Blake’s failure to appreciate his evolving emergency results from his fascination with bright lights, shiny things. Lightning is smack to him. Watching it strike is akin to filling a vein. Mainline this energy. Let these synapses crackle with delicious dopamine fulminations. Hope for a bolt out of the blue.
But too late—Blake’s ears pop like pistol shots as pressure plummets. Through the torn membranes of his eardrums: the runaway locomotive roar, shingles tearing away, rafters splintering, wallboard cracking, electrical wiring hissing free from its stays, copper pipe shrieking apart, glass bursting into spray, the vast universe-filling rise of everything and all.
The loss, and then the quiet as the sky opens into calm, brilliant blue.
Blake peers over the lip of the bathtub. His mind is a rubblescape like that which unfolds before him. He can scarcely blink as his stares out from his sanctuary. He remembers that this is a tub, that water will drain from a tub in a certain coriolis direction depending on whether the observer is in the Northern or Southern hemisphere. But as memories go, that’s about it. Sooner or later, emergency workers show up looking for the dead and living. There is question—even today—as to which camp Blake is in.
But SD will help Blake find his memories, yes? Though Blake’s possessions are strewn across three counties, SD will guide him to them—and the recollections dwelling in each found object—over the course of several months. A broken picture frame discovered in a field near St. Paul puts Blake in mind of a man who was his father. A fragment of crystal at a crossroads near Blackjack makes him remember a college date that went unexpectedly well. There is the spare Michelin tire half submerged in Peruque Creek—Blake remembers being promoted at his firm.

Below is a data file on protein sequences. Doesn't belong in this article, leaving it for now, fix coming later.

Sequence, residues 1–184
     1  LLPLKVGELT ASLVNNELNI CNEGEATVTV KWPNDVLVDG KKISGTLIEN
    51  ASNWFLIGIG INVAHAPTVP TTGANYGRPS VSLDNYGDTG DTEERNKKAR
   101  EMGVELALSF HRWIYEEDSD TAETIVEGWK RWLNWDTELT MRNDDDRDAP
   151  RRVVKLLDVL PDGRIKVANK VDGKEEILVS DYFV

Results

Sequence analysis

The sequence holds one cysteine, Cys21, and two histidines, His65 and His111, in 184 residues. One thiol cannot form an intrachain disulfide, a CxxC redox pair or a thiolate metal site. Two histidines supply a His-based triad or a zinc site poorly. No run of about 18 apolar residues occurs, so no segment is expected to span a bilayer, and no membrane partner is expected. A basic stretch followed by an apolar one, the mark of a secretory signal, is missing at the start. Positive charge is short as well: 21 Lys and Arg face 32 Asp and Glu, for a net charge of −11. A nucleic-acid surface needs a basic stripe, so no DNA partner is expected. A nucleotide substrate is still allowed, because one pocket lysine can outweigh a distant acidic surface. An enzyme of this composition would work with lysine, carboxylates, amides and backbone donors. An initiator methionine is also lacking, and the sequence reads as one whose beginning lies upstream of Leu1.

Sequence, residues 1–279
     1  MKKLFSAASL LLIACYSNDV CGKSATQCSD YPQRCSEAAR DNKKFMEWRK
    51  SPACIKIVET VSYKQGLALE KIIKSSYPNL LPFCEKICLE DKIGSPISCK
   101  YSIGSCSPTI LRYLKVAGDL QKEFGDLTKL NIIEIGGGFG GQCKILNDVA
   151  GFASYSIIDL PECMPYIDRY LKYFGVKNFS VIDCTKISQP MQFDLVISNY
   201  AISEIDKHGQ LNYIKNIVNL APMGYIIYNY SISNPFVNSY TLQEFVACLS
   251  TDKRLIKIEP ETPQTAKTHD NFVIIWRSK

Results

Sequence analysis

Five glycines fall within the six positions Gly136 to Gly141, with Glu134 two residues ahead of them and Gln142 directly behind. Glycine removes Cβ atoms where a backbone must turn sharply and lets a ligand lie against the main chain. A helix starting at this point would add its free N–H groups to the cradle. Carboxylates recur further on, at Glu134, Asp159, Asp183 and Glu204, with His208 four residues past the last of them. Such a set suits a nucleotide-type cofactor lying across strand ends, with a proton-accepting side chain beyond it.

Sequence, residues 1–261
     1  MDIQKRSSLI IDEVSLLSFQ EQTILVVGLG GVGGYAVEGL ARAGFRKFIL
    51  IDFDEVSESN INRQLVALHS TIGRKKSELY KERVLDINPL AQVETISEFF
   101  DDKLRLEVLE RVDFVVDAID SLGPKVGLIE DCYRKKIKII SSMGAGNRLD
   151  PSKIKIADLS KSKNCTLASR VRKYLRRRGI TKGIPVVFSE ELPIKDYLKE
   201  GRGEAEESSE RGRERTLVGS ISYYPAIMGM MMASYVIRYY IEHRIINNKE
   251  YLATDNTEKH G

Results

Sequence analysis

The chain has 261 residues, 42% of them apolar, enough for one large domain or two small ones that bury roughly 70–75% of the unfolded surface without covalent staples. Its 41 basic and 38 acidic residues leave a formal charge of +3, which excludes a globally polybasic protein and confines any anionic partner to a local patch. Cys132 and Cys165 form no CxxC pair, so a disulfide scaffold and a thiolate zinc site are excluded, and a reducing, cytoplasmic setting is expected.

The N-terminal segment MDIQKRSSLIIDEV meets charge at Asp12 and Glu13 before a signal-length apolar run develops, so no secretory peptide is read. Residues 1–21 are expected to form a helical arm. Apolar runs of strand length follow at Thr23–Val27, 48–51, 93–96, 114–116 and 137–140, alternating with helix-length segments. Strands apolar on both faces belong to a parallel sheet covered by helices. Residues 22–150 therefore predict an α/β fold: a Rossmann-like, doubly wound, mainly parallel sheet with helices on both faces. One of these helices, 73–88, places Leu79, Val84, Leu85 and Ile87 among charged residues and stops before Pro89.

“Have I shown you this?” SD asks, and Blake sees the weather-soaked, bloated pages of a collection of short stories by Jeffery Deaver. Blake smiles. He had a daughter—or was it a niece?—once.
But SD must exact a price, too. His services don’t come free. Blake’s memory finder, the redeemer of his mind, must also bring back those bitternesses, those aches, those turn-aways we’d rather all forget.
For Blake was a dog-kicker. A yellow-piss-soaked sycophant in the hierarchy of his corporation. A liar, cheat, thief. An apostate. A black-hearted cynic. A denier of culpability. A finger-pointer. A mocker of principles and a hater of fellows.
All of these things, too, must and will come back. SD will reveal them as Blake’s lost things are found.
We can all judge whether he would have been better off dead, blown upward into the vortex. But only SD can help him navigate.
Self diagnoser. Sad doppelganger. Sin doll. Systolic diastolicist. Simulacrum demon. Sharp-tongued dagger. Sainted dalliance. Stained dumpling. Shattering destroyer. So-called doorway. Sabertoothed dancer. Skull donkey. Sabotage dilettante. Spiritual desperado. Sagging dopefiend. Sex-crazed deathmonger. Suck dream. Surely damned.
Brian Ames writes from St. Charles County, Missouri. He is the author of the novel Salt Lick (Pocol Press, 2007) and three short-fiction collections: Smoke Follows Beauty (Pocol Press, 2002), Head Full of Traffic (Pocol Press, 2004) and Eighty-Sixed (Word Riot Press, 2004). His fourth collection, As Many Hands as God, is forthcoming from Pocol Press in 2008.